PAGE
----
With 71: Into The Fire recently released on DVD and Blu-ray I had the opportunity to ask director John H. Lee a few questions about the film…
[Martin Cleary] 71: Into The Fire is based on real events. Was it ever difficult to walk a line between historical fact and delivering an entertaining action film? You like to draw our attention to camera moves and mood; in this sense the film’s visual style is incredibly polished. Were you therefore intending a film that could rival not just the biggest combat films to come out of Hollywood, but some of the glossiest blockbusters?
[John H. Lee] Right from the start, I wanted to convey the emotional truth of the War. It is impossible to tell everything as it happened in a two-hour film. So you have to compress a lot of things. You have to make up certain lines, characters, actions, etc… to tell a complete story. It was not difficult for me to walk that line between fact and fiction. Actually, I freely jumped back and forth. After all, I am making a movie, not a history book. It was marketed as a blockbuster war film at the time of its initial release. I didn’t feel comfortable with the term “blockbuster” marketers used, because all along the production, I didn’t have the means to achieve the scope I wanted for this story. I made a lot of compromises under budget and time constraints.
[MC] Cha Seung-won was an interesting casting choice for Park Mu-Rang, and I was surprised at just how strong a presence he added to the role. How did Cha Seun-won’s involvement come about and what was it that you saw in him to play that character?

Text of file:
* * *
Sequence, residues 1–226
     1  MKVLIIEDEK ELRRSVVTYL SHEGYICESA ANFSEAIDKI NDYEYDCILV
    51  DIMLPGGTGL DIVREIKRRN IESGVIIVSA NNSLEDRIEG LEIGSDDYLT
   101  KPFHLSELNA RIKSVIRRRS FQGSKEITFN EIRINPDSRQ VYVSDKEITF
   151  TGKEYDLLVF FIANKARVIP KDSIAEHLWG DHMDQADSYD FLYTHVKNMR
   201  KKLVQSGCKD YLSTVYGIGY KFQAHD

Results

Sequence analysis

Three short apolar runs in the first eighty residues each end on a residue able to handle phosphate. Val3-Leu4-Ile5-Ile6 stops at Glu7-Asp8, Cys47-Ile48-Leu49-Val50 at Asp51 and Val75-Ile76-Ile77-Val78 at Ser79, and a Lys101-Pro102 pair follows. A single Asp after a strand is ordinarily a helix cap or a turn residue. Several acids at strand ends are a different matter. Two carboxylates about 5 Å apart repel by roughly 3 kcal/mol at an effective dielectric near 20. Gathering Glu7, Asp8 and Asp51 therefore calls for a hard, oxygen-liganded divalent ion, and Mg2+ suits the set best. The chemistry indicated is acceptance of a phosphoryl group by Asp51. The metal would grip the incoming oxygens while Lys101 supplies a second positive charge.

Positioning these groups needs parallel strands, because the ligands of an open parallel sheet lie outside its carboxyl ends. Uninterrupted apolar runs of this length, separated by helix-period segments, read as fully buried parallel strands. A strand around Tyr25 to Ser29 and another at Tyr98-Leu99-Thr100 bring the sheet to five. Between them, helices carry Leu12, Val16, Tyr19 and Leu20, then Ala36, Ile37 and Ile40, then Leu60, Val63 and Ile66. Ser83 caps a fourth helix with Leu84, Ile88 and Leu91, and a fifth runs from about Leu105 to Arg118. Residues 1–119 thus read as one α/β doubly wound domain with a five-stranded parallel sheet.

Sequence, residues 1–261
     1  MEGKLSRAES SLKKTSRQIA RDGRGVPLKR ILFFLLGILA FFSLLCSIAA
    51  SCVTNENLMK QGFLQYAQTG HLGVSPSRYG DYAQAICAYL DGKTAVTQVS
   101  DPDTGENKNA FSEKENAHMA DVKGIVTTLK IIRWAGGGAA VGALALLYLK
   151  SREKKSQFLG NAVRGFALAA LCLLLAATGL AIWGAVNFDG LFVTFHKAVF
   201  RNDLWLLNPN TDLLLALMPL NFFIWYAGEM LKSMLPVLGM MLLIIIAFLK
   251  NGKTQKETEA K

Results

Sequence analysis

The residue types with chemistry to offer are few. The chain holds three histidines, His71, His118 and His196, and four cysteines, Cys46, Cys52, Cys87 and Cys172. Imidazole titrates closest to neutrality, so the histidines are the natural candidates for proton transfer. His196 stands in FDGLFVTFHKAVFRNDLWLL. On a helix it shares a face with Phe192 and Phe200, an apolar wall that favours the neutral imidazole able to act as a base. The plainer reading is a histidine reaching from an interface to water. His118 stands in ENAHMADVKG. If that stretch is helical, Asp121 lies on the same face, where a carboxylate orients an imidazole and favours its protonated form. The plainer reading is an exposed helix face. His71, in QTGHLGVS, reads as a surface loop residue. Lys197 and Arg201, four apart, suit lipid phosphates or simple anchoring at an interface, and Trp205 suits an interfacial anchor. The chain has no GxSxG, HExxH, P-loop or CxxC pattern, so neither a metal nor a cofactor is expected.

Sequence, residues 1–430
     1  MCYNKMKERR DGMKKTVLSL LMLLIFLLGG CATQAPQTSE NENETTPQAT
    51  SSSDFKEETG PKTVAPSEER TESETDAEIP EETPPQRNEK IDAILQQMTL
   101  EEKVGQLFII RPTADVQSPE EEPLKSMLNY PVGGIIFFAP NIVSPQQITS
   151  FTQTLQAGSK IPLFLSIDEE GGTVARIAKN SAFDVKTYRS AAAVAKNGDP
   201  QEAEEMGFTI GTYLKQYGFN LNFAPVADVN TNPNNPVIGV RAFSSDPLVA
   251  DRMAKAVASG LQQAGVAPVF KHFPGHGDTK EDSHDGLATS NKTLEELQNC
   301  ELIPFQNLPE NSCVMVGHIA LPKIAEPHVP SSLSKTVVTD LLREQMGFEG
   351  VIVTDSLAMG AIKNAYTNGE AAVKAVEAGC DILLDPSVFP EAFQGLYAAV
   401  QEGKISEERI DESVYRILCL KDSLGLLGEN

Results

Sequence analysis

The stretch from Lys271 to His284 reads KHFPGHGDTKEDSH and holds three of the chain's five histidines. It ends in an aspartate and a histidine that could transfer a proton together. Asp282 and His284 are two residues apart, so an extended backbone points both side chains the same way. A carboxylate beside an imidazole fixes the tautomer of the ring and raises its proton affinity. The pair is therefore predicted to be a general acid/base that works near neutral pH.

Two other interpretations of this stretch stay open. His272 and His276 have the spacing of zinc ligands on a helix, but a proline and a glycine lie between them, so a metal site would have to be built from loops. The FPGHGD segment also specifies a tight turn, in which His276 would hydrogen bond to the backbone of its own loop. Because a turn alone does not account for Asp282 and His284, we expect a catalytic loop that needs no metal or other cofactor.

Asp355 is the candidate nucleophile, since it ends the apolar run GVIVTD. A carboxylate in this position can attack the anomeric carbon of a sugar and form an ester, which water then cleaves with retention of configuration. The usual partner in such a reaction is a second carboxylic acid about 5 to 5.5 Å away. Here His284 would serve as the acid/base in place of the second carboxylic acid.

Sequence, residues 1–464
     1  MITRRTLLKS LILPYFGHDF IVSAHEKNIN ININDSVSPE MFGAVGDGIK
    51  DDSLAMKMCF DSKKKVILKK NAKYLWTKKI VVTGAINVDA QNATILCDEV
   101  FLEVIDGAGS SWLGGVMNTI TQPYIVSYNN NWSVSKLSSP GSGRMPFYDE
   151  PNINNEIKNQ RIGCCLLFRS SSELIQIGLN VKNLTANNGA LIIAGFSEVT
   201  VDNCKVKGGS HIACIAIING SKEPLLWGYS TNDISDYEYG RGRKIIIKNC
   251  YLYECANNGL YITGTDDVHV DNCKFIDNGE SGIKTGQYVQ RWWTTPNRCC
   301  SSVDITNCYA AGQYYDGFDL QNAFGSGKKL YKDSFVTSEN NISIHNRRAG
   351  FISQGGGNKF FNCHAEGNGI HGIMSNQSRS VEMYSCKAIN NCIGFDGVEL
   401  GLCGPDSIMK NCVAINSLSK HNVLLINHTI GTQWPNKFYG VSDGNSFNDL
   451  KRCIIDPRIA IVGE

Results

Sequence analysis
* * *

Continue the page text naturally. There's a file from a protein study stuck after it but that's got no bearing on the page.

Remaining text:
[John H. Lee] Cha Seung-won’s charisma and ambivalence were two key things that had me cast him as Park Mu-rang. We’ve been good acquaintances for a long time and he was my first choice for that character. It was quite an easy and simple casting process. By the way, he is an incredibly funny guy in real life. His dry sense of humor kind of assured me that he had the intellect to convey a complex character, who by destiny is an antagonist in this war.
[MC] Was there a risk of stereotyping the common North Korean soldier as monster? It’s difficult to believe Choi Seung-hyun (T.O.P.) had only a handful of acting roles before 71, he gives such a convincing performance – particularly as he has barely any dialogue in the first section of the film and therefore relies upon his physical performance. How did he come to be cast in the role and were you ever worried that the role was too large for a relative newcomer?